Published: A Gen-X perspective of online information and reputation management

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My paper, ‘Managing and evaluating personal reputations on the basis of information shared on social media: a Generation X perspective’, has been published in Information Research. The paper is co-authored with my PhD supervisors, Peter Cruickshank, Professor Hazel Hall, and Alistair Lawson and shares some early findings from my PhD research, specific to my Generation X data subset.

The paper was presented at the Information Seeking in Context (ISIC) 2016 conference in Zadar, Croatia, this past September. (Slides are available here and can also be found below.)

Some of the results shared in the paper indicate that:

  • Participants view their online identity (or identities) as representations of their offline personas. In some cases, personal and professional personas are kept separate by using different online platforms for different aspects of an individual’s offline life.
  • Self-censorship is a key tool in the management of reputation, with censorship activities varying based on the platform and perceived audience.
  • It can be difficult to identify information behaviours that elicit positive evaluations of others, yet negative evaluations can be made in an instant if someone shares information (for example, a tweet or Facebook post) that is in stark contrast to their own views and opinions.
  • The levels of intentional reputation management varies, and is more often concerned with how the information will be received by others, rather than the impact on their own reputation.

The full study is expected to be completed in spring 2017. The full results will combine the Generation X subset with data gathered from an equal number of Generation Y and Baby Boomer participants. At that time, the three datasets will (most likely) be combined to discuss information behaviours based on the four research questions as a whole, rather than as generation groups. However, I hope to be able to pull at least some generational-based data for future small reports, papers, or posters.

The full text of the paper is available in Information Research, along with other papers from the ISIC conference. Below is an abstract and the presentation slides. Please do get in touch if you have any questions about this paper or my research as a whole.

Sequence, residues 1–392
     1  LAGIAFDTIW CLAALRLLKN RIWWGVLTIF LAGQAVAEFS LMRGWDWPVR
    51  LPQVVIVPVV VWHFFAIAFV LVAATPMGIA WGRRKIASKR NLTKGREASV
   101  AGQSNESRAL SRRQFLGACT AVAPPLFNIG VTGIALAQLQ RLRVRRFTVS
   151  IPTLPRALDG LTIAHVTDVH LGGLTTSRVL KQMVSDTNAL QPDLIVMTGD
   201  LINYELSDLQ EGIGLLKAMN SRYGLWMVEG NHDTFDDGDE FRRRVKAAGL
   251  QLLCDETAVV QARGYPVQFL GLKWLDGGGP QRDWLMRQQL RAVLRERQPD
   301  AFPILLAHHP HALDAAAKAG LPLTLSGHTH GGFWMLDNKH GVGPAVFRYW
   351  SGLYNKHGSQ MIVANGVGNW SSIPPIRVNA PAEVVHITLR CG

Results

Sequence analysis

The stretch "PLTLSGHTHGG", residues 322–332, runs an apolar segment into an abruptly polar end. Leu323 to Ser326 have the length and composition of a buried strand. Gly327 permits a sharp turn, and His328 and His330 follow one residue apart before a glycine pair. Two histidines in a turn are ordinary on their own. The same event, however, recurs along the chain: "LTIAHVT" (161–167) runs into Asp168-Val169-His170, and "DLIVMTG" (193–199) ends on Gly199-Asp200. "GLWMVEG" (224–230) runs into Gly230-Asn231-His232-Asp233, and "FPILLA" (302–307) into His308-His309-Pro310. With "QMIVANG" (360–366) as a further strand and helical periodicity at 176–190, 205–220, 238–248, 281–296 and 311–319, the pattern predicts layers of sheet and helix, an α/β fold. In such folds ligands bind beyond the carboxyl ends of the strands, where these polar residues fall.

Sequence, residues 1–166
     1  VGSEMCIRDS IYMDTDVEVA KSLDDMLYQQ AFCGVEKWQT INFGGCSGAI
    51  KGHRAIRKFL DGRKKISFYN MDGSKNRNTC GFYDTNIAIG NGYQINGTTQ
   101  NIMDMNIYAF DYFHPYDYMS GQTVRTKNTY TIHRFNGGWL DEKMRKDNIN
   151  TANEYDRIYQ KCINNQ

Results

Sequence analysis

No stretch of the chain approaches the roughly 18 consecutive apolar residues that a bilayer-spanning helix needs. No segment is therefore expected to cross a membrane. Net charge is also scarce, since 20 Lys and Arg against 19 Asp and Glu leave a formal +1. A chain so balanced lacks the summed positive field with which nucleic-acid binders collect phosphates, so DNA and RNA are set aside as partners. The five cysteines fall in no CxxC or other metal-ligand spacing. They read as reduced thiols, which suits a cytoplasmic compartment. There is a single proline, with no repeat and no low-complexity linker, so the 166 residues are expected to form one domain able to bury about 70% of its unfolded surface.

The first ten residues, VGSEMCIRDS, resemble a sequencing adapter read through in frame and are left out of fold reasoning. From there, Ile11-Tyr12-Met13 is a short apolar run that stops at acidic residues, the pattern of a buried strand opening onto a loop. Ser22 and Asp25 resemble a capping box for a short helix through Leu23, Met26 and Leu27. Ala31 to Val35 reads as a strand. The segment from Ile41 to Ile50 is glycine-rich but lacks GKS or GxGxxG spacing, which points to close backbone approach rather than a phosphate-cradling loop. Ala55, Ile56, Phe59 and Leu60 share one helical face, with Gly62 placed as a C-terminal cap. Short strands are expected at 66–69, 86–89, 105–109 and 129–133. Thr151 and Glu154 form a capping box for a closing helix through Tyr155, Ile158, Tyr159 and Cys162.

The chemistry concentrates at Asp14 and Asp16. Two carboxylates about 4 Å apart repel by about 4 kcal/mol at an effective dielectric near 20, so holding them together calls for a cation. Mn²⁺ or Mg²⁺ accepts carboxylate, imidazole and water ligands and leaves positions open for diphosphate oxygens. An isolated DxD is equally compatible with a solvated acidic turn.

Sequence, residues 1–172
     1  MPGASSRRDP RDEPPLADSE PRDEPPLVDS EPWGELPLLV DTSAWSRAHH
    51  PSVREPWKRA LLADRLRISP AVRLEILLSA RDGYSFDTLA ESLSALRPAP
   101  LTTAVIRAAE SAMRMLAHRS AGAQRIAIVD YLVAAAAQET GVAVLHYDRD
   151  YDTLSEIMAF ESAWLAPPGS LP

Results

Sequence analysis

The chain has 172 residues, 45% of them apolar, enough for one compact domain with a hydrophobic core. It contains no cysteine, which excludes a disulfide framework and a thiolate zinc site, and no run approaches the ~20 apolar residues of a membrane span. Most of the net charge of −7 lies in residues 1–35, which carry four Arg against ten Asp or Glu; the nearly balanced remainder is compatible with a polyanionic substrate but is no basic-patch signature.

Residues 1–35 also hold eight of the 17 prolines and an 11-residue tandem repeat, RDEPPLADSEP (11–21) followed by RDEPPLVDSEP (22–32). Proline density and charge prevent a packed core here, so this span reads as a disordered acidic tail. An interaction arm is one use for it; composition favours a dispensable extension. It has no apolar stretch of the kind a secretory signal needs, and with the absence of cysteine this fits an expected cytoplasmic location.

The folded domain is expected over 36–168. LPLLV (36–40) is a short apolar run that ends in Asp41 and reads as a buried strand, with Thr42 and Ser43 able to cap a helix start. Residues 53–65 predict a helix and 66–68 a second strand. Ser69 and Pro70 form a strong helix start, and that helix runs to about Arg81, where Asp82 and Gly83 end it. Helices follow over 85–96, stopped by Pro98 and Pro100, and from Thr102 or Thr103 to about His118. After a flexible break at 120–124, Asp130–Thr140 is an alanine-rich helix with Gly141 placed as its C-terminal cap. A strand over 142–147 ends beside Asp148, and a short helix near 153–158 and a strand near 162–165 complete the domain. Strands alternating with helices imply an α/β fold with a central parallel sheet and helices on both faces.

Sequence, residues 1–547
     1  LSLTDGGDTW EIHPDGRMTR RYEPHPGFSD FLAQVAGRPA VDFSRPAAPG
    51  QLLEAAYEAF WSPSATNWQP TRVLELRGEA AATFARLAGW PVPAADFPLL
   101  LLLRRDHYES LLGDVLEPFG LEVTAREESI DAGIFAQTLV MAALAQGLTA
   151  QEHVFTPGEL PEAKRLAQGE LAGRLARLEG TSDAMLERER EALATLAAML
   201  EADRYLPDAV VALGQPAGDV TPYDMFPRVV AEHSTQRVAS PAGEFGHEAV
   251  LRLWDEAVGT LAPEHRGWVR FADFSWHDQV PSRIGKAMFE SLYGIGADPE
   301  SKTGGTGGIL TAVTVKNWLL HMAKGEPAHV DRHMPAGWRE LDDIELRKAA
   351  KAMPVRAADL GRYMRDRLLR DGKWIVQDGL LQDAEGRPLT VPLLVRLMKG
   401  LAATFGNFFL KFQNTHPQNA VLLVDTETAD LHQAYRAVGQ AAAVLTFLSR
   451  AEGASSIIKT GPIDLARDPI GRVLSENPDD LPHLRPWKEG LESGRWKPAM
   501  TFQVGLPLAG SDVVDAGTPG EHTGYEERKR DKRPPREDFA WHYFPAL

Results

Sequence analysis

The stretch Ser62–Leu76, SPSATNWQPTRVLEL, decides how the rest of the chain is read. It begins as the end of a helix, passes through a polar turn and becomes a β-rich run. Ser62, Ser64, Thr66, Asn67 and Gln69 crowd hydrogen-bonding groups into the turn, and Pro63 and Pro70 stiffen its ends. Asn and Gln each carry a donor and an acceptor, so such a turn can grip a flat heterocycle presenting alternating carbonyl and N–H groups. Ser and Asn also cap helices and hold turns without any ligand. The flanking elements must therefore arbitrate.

Managing and evaluating personal reputations on the basis of information shared on social media: a Generation X perspective

Ryan, F., Cruickshank, P., Hall, H., Lawson, A. (2016). Managing and evaluating personal reputations on the basis of information shared on social media: a Generation X perspective. Information Research.

Abstract
Introduction. The means by which individuals evaluate the personal reputations of others, and manage their own personal reputations, as determined by information shared on social media platforms, is investigated from an information science perspective. The paper is concerned with findings from a doctoral study that takes into account prior work on the building and assessment of reputations through citation practice, as explored in the domain of scientometrics.

Method. Following the practice of studies of everyday life information seeking (ELIS), a multi-step data collection process was implemented. In total forty-five participants kept diaries and took part in semi-structured interviews. In this paper fifteen of these participants are represented.

Analysis. A qualitative analysis of the data was undertaken using NVivo10 to consider the information practices of one of three age group cohort generations: Generation X.

Results. Results generated from this initial analysis show some clear alignments with established knowledge in the domain, as well as new themes to be explored further. Of particular note is that social media users are more interested in the content of the information that is shared on social media platforms than they are in the signals that this information might convey about the sharer(s). It is also rare for these users to consider the impact of information sharing on personal reputation building and evaluation.

Conclusion. The analysis of the full dataset will provide further insight on the specific theme of the role of online information in personal reputation management, and contribute to theory development related to the study of information seeking behaviour and use.

Accepted: Managing and evaluating personal reputations on the basis of information shared on social media: a Generation X perspective

2016.07.12.isic-acceptanceMy paper, Managing and evaluating personal reputations on the basis of information shared on social media: a Generation X perspective, has been accepted for ISIC: The Information Behaviour Conference in Zadar, Croatia. The paper is co-authored by my PhD supervisors, and is based on preliminary findings from one of my generation groups (Generation X) being investigated for my doctoral thesis.

The conference will take place 20-23 September at the University of Zadar and I will present my paper the morning of the 22nd (full programme here). I have 30 minutes (including time for questions) to discuss my paper and share some of the key findings presented in the full paper. The challenge will be to share enough of the highlights to motivate people to read (and cite!) the full paper, but not so much to where I bore my audience to tears.

The full paper will be available in Information Research in 2017, after which I will happily share a link to the publication. In the meantime, you can read the paper’s abstract below. (I will share my presentation slides in September.)